What are Seeding Flights?

28 February 2018

Lab Chat

The United Arab Emirates (UAE) boasts a very hot, dry and humid climate. With aims to combat desertification and drought, scientists are now turning towards seeding flights. But, what are these and how can they help with rainfall? Read on as we look at the process of precipitation enhancement with seeding.

Soaring seeding

Average rainfall in the UAE is around 120mm a year, compared to an average of 885mm in the UK. This means that, with threats to water supplies, scientists must find ways to modify the weather in favour of rainfall.

This research has led them to seeding flights, which involves flying an aircraft to release flares into the base of clouds. These flares contain potassium chloride, sodium chloride and magnesium. The aim? A specific chemical mixture will improve the production of water vapour so that heavy droplets form in the clouds to produce rain.

Salt crystal flares are theoretically helpful for water vapour condensing and increasing the size of water droplets. But, to be clear, this process doesn’t create fake rain – it attempts to enhance rainfall.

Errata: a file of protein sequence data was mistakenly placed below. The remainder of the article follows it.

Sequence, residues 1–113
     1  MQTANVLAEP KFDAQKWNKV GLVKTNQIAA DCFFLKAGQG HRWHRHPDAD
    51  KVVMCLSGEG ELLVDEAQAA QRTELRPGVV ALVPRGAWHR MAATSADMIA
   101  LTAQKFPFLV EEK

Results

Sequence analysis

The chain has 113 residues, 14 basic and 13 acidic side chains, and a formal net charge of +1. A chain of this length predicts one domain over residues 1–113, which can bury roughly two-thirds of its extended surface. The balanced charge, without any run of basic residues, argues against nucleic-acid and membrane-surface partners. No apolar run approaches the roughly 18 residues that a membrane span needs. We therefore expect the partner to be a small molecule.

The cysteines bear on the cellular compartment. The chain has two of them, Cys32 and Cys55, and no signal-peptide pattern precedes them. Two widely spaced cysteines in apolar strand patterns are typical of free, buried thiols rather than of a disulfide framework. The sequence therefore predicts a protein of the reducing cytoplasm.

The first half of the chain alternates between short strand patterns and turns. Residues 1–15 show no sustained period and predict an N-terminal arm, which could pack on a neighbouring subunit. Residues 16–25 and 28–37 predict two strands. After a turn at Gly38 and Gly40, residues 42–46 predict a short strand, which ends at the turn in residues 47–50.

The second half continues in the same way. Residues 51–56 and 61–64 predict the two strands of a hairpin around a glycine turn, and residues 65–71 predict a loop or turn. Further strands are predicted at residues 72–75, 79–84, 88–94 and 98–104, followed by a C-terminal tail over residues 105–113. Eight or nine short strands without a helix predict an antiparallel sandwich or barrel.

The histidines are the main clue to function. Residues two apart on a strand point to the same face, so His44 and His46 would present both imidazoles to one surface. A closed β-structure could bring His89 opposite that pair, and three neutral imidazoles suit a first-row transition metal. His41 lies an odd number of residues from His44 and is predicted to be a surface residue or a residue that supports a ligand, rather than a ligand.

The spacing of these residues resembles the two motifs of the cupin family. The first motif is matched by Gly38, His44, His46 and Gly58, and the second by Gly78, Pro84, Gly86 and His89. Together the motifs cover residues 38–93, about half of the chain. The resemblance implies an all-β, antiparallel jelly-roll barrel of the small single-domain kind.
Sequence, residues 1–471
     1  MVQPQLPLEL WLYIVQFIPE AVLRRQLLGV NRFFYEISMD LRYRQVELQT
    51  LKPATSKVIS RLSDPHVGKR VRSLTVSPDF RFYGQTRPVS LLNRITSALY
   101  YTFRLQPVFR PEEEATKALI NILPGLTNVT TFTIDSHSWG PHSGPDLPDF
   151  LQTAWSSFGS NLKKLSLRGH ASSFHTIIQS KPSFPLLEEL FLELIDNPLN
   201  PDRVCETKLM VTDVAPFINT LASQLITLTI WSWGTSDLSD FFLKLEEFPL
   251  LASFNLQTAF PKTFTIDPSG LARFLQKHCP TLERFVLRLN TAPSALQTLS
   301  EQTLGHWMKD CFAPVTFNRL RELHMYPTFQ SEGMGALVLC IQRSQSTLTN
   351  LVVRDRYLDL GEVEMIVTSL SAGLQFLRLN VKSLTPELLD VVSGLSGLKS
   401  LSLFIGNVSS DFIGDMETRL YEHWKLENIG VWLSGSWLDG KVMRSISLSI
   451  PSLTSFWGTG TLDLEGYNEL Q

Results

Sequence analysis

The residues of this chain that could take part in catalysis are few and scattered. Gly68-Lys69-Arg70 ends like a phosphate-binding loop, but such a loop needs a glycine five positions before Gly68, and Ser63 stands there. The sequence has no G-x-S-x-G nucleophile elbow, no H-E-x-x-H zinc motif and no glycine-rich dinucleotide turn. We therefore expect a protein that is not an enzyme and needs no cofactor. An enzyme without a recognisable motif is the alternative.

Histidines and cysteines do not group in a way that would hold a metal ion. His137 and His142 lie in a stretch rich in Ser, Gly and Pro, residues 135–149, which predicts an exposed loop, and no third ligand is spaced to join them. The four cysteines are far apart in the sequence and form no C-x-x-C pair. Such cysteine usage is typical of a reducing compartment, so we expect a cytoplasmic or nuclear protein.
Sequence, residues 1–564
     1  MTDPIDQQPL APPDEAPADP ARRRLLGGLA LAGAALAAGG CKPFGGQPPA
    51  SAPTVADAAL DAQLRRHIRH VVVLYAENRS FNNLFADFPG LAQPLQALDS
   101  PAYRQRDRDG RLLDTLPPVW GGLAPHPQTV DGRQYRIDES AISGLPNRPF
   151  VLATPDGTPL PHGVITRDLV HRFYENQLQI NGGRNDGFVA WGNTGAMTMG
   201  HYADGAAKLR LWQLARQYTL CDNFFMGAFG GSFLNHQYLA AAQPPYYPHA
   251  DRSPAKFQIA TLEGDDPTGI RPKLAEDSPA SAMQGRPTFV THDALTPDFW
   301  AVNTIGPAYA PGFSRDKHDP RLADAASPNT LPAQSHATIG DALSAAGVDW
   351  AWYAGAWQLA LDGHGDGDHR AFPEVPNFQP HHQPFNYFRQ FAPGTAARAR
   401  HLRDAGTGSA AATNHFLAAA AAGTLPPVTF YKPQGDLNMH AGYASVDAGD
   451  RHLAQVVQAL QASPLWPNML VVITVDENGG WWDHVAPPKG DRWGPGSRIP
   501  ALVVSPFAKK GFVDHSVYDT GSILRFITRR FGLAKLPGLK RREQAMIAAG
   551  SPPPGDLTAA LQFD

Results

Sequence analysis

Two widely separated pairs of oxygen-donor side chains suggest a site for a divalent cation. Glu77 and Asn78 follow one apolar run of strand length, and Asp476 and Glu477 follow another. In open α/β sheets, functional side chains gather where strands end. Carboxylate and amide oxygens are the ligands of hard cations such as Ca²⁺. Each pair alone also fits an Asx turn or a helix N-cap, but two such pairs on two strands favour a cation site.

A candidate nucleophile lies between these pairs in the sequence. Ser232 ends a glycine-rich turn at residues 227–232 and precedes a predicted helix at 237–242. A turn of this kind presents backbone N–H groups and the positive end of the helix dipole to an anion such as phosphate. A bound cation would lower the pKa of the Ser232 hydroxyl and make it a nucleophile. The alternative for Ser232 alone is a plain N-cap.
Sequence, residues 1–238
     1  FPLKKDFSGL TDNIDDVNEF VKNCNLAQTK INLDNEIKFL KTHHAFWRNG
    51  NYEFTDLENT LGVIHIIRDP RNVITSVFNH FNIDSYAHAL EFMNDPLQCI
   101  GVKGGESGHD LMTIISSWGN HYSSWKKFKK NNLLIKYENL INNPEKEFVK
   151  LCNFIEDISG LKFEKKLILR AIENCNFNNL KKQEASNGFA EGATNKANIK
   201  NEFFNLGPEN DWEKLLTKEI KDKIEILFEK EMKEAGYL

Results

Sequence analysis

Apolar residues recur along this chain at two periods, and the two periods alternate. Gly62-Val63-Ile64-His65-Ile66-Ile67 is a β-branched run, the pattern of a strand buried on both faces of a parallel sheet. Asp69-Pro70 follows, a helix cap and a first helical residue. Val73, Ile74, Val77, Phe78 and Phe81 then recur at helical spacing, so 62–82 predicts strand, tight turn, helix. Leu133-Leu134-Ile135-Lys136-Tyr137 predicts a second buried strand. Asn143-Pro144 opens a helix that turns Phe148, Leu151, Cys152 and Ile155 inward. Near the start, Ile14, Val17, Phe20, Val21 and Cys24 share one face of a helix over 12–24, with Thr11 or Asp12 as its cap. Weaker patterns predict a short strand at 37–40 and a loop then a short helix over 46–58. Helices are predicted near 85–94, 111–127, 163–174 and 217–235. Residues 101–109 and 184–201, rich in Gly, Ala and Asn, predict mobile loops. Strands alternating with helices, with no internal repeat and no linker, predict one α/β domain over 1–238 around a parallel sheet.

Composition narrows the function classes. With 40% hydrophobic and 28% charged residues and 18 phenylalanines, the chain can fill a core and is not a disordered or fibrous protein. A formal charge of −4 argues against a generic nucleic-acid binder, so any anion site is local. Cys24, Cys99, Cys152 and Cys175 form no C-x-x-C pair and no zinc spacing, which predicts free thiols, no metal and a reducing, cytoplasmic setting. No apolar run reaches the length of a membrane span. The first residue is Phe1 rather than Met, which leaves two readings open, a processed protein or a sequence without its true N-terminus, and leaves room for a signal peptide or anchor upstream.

The scientific backing

As droughts can cause significant issues in the UAE, funding has been given into research surrounding this area. The Research Program for Rain Enhancement Science have created new methods of improving seeding techniques.

The National Centre of Meteorology (NCM) have also encouraged rain research. Their focus is on understanding local climates, collating information of the temperature, humidity and precipitation. This is important to calculate rain-bearing clouds and clean atmosphere conditions.

Are flights successful?

According to UAE national weather centre, seeding flights can boost rainfall by up to 35% in clean conditions. But with significant pressure on the UAE to produce sustainable methods of water supply, it is important to not underestimate figures. It’s reported that globally 1.6 billion people live in conditions with water shortages and that by 2025 this is set to increase to 2.8 billion.

With these dry climates struggling, it is no wonder scientists are trying to find alternatives. For example, South Africa’s second largest city is under severe drought warnings. With risks to the entire water supply, Cape Town is one of the many cities rocked by significant shifts of climate change.

Battling drought is difficult, but with new research emerging everyday the hope is that processes like seeding flights will being to improve conditions. Let’s hope there is more rain to come for countries in need.

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